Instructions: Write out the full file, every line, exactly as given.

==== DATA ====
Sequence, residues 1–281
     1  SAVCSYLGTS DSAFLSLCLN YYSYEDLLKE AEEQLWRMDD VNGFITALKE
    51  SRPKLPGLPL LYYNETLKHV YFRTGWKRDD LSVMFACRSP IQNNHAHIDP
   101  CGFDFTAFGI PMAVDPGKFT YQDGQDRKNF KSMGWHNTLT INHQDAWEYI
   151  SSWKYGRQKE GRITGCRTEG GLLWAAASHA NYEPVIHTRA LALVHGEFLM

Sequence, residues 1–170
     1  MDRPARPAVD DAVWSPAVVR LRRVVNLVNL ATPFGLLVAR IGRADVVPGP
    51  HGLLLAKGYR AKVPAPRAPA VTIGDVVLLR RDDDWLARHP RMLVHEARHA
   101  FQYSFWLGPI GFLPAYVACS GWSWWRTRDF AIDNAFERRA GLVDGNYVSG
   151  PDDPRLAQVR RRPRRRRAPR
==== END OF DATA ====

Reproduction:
Sequence, residues 1–281
     1  SAVCSYLGTS DSAFLSLCLN YYSYEDLLKE AEEQLWRMDD VNGFITALKE
    51  SRPKLPGLPL LYYNETLKHV YFRTGWKRDD LSVMFACRSP IQNNHAHIDP
   101  CGFDFTAFGI PMAVDPGKFT YQDGQDRKNF KSMGWHNTLT INHQDAWEYI
   151  SSWKYGRQKE GRITGCRTEG GLLWAAASHA NYEPVIHTRA LALVHGEFLM

Sequence, residues 1–170
     1  MDRPARPAVD DAVWSPAVVR LRRVVNLVNL ATPFGLLVAR IGRADVVPGP
    51  HGLLLAKGYR AKVPAPRAPA VTIGDVVLLR RDDDWLARHP RMLVHEARHA
   101  FQYSFWLGPI GFLPAYVACS GWSWWRTRDF AIDNAFERRA GLVDGNYVSG
   151  PDDPRLAQVR RRPRRRRAPR